Ditch The Scale

Ditch The Scale 

By Nell Adams


Congratulations! You’re on a journey to transform your body, spirit, and mind. Being open to a new personal challenge takes a lot of courage, consistency, and self-compassion. The first step is making the decision to make these shifts. That choice is the hardest part, right? Not, exactly. The next step is where a lot of us get stuck.


Setting goals.

Determining goals and objectives can be a struggle. Especially without guidance catered specifically to your body, experience, and lifestyle.  There is a wealth of information online,  but many of us find ourselves in a million open Google tabs unsure which advice to trust and follow. To make matters worse, many of us set vague goals, choose random objective weights, or base our program on other people’s #bodygoals. We have all been told that weight loss is the best measure of success, particularly as women. Pop culture influences and marketing haven’t helped that cause. While it is true that the key to positive change is to create goals, too many of us turn to the scale.

The scale is not a reliable reflection of your health, wellbeing, and progress.

Wait, what?! The truth is, the scale will not provide meaningful, measurable, or sustainable goals.  Trust me on this one, I wouldn’t lie about something so serious.


Here are 4 points to keep in mind when it comes to the scale and goal-setting:


  1. The scale is not consistent

If you want a reliable tool, the scale is the wrong one. The number that shows up when you step on the scale is influenced by too many factors. Not only could a scale show you something different every day, but it could also show different numbers throughout the day.


Your weight can be affected by many factors on a daily balance such as:

  • The time of day. Your weight may significantly fluctuate throughout the day. You will see a different number if you weigh yourself first thing in the morning after emptying your bladder than if, say, you weigh yourself right after a big cup of a coffee and lunch.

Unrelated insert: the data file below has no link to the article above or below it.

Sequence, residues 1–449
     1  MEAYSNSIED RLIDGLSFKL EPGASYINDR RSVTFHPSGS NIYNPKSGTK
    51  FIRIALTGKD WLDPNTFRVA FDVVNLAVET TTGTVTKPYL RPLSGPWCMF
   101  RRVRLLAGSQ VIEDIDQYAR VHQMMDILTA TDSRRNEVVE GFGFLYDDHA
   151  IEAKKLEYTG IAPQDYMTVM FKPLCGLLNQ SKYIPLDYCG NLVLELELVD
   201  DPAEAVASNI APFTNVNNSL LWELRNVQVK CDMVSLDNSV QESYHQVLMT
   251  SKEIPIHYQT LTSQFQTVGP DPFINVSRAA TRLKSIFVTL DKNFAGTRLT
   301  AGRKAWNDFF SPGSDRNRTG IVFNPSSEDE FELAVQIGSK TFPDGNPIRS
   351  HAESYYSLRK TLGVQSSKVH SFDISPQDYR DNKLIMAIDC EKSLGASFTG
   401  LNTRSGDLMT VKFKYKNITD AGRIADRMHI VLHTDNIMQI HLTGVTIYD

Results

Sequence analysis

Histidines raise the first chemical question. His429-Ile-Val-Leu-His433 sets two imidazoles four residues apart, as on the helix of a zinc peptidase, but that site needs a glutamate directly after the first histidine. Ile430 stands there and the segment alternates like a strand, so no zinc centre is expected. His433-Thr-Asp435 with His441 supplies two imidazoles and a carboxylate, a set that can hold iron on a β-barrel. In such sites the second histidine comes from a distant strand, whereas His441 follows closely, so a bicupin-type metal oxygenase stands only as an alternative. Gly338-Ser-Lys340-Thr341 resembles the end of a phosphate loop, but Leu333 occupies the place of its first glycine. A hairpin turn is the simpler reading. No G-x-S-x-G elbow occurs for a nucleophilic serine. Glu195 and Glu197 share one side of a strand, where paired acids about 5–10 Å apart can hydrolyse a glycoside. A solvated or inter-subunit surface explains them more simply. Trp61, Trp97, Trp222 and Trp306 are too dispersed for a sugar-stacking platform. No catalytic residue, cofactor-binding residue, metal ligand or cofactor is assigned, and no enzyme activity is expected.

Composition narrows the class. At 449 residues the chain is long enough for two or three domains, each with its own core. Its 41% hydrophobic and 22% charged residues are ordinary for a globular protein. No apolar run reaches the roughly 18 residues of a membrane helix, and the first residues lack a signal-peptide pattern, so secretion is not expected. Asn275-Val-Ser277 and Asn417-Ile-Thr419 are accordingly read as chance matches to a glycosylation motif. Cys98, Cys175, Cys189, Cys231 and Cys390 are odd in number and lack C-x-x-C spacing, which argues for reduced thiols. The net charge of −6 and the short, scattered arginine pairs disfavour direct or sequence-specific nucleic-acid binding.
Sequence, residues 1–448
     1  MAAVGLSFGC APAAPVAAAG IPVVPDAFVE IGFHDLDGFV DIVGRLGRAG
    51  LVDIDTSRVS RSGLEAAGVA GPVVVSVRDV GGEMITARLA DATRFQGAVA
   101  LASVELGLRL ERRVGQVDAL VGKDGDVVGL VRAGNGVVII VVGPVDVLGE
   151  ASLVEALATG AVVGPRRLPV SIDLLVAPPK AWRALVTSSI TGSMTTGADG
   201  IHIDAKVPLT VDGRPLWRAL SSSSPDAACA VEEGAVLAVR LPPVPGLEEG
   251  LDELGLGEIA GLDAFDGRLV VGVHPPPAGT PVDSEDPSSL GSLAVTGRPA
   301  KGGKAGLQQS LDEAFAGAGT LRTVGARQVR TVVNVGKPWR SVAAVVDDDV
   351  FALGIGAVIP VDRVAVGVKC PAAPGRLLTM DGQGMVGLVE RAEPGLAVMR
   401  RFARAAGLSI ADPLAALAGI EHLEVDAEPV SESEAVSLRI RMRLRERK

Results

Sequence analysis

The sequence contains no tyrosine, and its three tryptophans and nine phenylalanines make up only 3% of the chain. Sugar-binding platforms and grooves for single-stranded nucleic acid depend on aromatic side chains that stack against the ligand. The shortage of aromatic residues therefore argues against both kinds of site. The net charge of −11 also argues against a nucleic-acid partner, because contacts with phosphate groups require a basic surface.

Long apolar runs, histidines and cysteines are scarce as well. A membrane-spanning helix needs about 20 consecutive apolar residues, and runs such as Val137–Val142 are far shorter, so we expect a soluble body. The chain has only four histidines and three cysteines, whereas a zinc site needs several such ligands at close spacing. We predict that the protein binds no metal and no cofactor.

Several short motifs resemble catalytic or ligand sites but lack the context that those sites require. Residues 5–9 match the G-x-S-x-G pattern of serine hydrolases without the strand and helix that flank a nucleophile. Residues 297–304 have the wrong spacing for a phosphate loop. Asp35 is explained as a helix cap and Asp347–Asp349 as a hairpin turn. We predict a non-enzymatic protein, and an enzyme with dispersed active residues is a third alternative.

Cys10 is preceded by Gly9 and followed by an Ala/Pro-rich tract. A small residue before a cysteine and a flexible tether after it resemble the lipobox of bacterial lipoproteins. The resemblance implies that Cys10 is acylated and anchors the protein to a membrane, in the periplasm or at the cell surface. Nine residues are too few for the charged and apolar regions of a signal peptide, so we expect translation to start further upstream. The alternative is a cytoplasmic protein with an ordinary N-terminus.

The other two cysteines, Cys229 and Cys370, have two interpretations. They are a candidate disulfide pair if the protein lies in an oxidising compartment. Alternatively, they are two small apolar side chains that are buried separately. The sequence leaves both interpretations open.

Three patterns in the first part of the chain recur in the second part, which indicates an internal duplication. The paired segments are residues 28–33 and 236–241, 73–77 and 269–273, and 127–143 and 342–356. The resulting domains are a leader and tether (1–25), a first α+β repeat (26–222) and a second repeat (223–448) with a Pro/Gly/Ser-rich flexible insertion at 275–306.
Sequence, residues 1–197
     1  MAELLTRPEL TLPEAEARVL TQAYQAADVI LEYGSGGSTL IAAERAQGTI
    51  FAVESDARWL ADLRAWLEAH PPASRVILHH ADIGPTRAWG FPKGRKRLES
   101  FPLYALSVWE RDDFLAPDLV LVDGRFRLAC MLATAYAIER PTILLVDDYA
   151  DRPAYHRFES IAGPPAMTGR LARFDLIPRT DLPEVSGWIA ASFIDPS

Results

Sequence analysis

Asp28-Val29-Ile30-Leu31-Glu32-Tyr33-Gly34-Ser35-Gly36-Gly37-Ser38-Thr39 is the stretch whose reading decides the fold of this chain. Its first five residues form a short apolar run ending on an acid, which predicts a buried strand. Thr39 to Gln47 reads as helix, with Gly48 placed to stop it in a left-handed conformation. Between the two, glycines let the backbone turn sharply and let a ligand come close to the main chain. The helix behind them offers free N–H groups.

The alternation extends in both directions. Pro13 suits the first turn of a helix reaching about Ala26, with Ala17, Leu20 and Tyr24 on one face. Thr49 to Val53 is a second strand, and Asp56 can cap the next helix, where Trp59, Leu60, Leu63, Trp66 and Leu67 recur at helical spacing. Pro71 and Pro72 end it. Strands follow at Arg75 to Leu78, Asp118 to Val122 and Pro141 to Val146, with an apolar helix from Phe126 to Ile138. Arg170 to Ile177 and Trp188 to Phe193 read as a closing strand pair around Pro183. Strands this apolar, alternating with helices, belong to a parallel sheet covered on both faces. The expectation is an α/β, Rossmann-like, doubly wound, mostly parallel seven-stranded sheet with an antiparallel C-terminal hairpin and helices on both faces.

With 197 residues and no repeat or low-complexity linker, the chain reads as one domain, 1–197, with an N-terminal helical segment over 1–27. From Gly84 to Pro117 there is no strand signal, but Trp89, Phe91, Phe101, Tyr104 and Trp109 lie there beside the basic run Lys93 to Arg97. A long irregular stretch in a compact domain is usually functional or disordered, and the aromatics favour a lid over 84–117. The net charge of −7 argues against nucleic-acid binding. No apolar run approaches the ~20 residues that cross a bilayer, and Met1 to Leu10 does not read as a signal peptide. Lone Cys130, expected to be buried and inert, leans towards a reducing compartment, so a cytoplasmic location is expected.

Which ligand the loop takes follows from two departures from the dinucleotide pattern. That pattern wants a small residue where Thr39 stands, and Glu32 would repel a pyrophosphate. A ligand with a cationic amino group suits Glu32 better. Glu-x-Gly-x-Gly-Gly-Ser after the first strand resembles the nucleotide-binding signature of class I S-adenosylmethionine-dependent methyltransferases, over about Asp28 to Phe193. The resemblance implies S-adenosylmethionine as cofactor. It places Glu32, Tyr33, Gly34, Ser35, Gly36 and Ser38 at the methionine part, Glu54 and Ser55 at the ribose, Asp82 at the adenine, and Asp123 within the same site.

• How long ago you ate. Food intake will obviously affect the number on the scale. Especially if it hasn’t moved through your body yet. The water content of the food will also slightly increase your weight immediately after eating. If you must weigh yourself, it’s in your best interest to only do so at the same time of day.
  • Hydration levels will dramatically shift the number. As humans, we are 50-65% water. Most exercise plans require a lot of water intake, which would affect water retention and therefore show higher numbers on the scale.
  • Whether you went to the toilet recently will also show a difference in weight.
  • How much you’ve been training. Inflammation and water retention can increase by almost 10% when you’re intensely training.
  • Your salt intake can increase water retention and therefore increase your weight.
  • Your menstrual cycle can alter your weight because of hormonal shifts (if you must weight yourself, at least compare this weight with the same time on a monthly basis rather than day by day). Period related weight gain of around 1-2 kilos is to be expected. Factors such as sugar cravings increased water retention, and less exercise can all affect the weight during your period. Your weight and hormone levels work hand in hand – for example, a weight gain or loss of about 20% could even lead to missed periods.


  1. Muscle weighs (slightly) more than fat.